Washington State’s Infrastructure Earns a “C”
Emily Pollock posted on January 29, 2019 |
Part of an infographic that the Washington ASCE released on the ASCE’s 2019 Washington State Report Card. Despite the fact that Dams is the state’s highest-ranked category, that rankinghas actually decreased since the last report card in 2013. (Image courtesy of ASCE.)
Part of an infographic that the Washington ASCE released on the ASCE’s 2019 Washington State Report Card. Despite the fact that Dams is the state’s highest-ranked category, that ranking has actually decreased since the last report card in 2013. (Image courtesy of ASCE.)

The American Society of Civil Engineers has given Washington State an overall grade of “C” on its infrastructure report card. The report card, created by the Inland Empire, Seattle and Tacoma-Olympia Sections of the ASCE, was modeled after the national ASCE report card. The average grade is the same as the last Washington State report card in 2013, but higher than the most recent national average of “D+,” recorded back in 2017.

The state received a B- in dams; C+ grades in bridges and in schools; C- grades in drinking water, roads, transit and wastewater; and a D+ in stormwater. “A blanket statement for all these categories is that there’s an investment gap. There’s this trend of long-term neglect of funding,” said Richard Fernandez, chair of the ASCE’s Washington Infrastructure Report Card Committee.

However, there are some encouraging trends buried in the data. All the transport-related categories (except for aviation) showed improvements since the 2013 report. These category improvements appear linked to increased transportation funding over the past few years. In 2016, Washington implemented an 11.9-cent gas tax increase, with the proceeds going toward the repair of structurally deficient bridges. “This is straight from the people who are voting; they’re saying that this is important and we’re not where we need to be,” said Fernandez.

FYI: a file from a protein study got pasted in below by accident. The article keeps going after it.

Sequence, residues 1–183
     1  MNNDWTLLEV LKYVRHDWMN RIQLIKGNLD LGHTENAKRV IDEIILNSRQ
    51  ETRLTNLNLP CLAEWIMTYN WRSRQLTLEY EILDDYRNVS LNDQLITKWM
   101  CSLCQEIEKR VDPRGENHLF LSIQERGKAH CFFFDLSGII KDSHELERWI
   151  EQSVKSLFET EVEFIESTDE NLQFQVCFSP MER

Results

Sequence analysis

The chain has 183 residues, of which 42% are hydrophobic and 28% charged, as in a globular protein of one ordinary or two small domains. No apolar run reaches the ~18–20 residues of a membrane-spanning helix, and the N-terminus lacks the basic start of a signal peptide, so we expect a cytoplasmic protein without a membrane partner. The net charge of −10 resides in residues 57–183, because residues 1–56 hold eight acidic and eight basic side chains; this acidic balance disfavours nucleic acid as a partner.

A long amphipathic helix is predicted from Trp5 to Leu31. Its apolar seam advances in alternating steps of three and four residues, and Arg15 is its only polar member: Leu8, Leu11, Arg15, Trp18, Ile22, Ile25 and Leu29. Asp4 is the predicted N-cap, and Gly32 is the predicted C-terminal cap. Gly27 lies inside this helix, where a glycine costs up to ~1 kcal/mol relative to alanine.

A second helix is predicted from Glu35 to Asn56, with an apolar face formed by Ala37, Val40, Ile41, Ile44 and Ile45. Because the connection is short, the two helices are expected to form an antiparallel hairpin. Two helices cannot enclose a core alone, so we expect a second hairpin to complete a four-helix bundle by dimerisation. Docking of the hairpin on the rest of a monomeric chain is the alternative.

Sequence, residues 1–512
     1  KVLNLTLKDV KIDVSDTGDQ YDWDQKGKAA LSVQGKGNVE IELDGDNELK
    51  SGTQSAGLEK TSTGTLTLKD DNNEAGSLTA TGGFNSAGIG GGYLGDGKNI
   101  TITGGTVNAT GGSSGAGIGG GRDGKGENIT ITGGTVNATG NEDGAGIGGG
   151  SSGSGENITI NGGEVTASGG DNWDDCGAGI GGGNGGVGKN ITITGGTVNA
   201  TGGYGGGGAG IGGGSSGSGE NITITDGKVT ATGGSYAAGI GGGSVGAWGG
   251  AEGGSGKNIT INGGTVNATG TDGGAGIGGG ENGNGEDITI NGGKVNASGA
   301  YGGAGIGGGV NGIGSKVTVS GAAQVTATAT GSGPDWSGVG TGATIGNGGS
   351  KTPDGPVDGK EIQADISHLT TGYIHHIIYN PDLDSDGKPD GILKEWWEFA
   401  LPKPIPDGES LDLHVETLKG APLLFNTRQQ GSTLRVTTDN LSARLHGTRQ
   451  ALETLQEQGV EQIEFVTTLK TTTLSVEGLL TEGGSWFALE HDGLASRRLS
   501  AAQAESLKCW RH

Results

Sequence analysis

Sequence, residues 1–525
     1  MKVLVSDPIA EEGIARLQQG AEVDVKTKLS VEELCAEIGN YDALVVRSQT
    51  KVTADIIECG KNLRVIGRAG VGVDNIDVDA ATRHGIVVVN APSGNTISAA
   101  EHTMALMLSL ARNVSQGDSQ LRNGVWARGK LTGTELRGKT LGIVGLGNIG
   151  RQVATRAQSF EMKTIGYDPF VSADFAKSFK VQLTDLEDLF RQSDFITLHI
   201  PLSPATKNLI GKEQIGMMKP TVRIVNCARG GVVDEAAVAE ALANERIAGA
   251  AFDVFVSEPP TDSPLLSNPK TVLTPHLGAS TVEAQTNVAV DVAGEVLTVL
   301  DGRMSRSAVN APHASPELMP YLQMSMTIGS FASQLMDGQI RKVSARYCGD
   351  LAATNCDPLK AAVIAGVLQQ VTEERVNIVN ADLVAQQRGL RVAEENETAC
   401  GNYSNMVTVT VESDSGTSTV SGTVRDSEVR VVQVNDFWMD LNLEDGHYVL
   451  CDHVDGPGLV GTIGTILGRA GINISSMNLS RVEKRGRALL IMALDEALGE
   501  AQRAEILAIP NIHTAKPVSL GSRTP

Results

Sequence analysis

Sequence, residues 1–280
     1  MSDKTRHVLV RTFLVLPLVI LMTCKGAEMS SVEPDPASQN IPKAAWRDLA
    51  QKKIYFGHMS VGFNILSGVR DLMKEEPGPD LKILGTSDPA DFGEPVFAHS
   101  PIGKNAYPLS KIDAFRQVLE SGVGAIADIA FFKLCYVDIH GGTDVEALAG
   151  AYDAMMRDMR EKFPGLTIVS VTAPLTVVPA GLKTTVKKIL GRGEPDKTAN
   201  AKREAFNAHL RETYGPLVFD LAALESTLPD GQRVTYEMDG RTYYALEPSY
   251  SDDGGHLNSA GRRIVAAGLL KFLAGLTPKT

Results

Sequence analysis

This year’s report card added two new categories: stormwater and wastewater. Previously, the state treated them as combined sewage, focusing on making sure that the water was out of streets and homes as quickly as possible. “That solves the flooding problem right away, but the downside is that you create this fast-moving runoff water that really contributes to erosion and such way off-site,” Fernandez explained. “Downstream, there are really, really negative effects to that approach.”

Currently, much of Washington’s stormwater infrastructure is beyond its design life, but the state has taken steps to improve it, and the state leads the country in areas like managing stormwater and wastewater separately. “The bigger cities here are viewed as a leader in stormwater management: doing things like biofiltration or retention on-site before releasing it versus just shedding the water quickly, which is the old way of thinking,” said Fernandez. One of the biggest ongoing projects is the treatment plan in King County, which aims to handle combined sewer flows into the Duwamish River Basin.

While dams have the highest grade on the report card, the grade for this category has slipped since 2013. Many of the dams in the state are past their 50-year life expectancy, and funding has slipped over the past few years. Most dams in the state are privately owned, and inspections have taken a hit in recent years. Fernandez and his colleagues recommend higher funding for dam inspections, as well as making low-interest loans available to dam owners so that they have the capital on hand to make needed repairs.

Other recommendations on the report include further investment in the state’s stormwater system, more asset management programs, and making more information about infrastructure available to the public. But the biggest recommendation is just putting more money into infrastructure in general. “By not addressing this funding gap now, we’re going to have massive failure of these systems,” said Fernandez. “I know there’s a lot of important stuff going on, but we can’t lose sight of the importance of our infrastructure.”

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